A few weeks ago, headlines covered former U.S. President Jimmy Carter’s health while building Habitat for Humanity Homes in Canada. For the 34th year, Jimmy and Rosalyn Carter brought hundreds of volunteers to construction sites where donated materials and contributions from donors were used to build homes for low-income households.That image of volunteers coming together to build a home is what people expect from Habitat for Humanity. But some are surprised when they find out we also sponsor a US$100 million investment fund for housing microfinance that finances work around the globe. Why do we do that? Some of Habitat’s history with microfinance and markets traces back to an accidental discovery. Typically a Habitat for Humanity house comes with a zero percent home loan to the family. Nonetheless, regulations on non-profits in Egypt prevented Habitat from lending out any funds; and a microfinance institution (MFI) offered to help. So a partnership formed whereby our funding was lent to households via an MFI partnership. Soon after, the MFI began lending its own money for housing. At first Habitat did not pay much attention to this – it wasn’t our program nor was it being done with our funding, after all. But eventually we realized how powerful this was. The MFI went on to lend much more for housing than our program ever could, and competing financial institutions responded with similar products. This was the beginning of a change in the market that would result in much more widespread access to housing finance than any of our non-profit programs could have on their own. And, indeed, unmet demand for finance for housing is massive.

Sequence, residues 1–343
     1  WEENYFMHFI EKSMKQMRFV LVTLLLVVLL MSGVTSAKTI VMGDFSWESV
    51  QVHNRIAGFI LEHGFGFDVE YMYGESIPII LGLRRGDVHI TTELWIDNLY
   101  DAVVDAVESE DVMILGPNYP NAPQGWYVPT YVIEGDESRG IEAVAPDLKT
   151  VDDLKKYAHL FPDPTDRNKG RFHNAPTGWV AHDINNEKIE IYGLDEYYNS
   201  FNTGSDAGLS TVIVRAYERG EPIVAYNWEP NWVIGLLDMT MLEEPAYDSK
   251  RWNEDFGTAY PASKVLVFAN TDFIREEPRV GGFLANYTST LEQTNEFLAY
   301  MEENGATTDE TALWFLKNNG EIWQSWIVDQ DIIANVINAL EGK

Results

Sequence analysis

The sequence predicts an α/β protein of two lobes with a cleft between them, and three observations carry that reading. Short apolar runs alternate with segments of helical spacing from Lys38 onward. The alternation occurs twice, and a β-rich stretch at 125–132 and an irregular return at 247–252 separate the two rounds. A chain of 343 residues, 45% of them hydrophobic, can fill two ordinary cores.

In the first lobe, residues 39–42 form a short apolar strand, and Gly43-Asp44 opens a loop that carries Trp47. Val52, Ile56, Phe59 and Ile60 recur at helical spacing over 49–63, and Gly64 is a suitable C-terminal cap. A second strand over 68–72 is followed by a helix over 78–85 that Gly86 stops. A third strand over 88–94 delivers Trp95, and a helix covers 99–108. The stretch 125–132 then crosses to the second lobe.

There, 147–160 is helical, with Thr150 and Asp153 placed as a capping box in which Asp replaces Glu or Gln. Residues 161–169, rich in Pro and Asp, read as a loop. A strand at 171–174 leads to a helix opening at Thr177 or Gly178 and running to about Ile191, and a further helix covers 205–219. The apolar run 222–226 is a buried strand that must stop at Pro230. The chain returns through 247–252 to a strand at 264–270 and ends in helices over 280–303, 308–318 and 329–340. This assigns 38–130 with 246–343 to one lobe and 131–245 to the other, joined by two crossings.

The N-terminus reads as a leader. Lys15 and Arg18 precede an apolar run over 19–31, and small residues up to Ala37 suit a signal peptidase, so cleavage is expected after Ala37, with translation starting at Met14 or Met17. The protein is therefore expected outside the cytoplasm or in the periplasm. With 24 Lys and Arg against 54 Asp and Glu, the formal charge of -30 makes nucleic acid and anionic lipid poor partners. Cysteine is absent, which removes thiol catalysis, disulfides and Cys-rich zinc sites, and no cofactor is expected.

Author: Patrick Kelley - Steven Evers